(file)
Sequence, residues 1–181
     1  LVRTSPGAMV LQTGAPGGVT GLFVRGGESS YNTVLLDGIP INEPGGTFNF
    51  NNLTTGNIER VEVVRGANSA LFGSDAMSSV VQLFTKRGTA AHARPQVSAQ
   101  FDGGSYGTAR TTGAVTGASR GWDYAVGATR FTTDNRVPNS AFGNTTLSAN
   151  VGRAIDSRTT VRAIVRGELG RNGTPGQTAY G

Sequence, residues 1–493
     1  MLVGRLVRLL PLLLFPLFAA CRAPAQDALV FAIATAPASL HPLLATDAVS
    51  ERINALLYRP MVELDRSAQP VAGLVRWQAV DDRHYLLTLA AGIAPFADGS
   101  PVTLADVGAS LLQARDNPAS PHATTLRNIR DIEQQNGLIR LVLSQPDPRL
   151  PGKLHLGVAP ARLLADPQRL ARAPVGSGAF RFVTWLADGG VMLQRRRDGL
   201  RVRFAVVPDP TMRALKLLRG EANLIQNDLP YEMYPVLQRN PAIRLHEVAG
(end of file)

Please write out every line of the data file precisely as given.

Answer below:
Sequence, residues 1–181
     1  LVRTSPGAMV LQTGAPGGVT GLFVRGGESS YNTVLLDGIP INEPGGTFNF
    51  NNLTTGNIER VEVVRGANSA LFGSDAMSSV VQLFTKRGTA AHARPQVSAQ
   101  FDGGSYGTAR TTGAVTGASR GWDYAVGATR FTTDNRVPNS AFGNTTLSAN
   151  VGRAIDSRTT VRAIVRGELG RNGTPGQTAY G

Sequence, residues 1–493
     1  MLVGRLVRLL PLLLFPLFAA CRAPAQDALV FAIATAPASL HPLLATDAVS
    51  ERINALLYRP MVELDRSAQP VAGLVRWQAV DDRHYLLTLA AGIAPFADGS
   101  PVTLADVGAS LLQARDNPAS PHATTLRNIR DIEQQNGLIR LVLSQPDPRL
   151  PGKLHLGVAP ARLLADPQRL ARAPVGSGAF RFVTWLADGG VMLQRRRDGL
   201  RVRFAVVPDP TMRALKLLRG EANLIQNDLP YEMYPVLQRN PAIRLHEVAG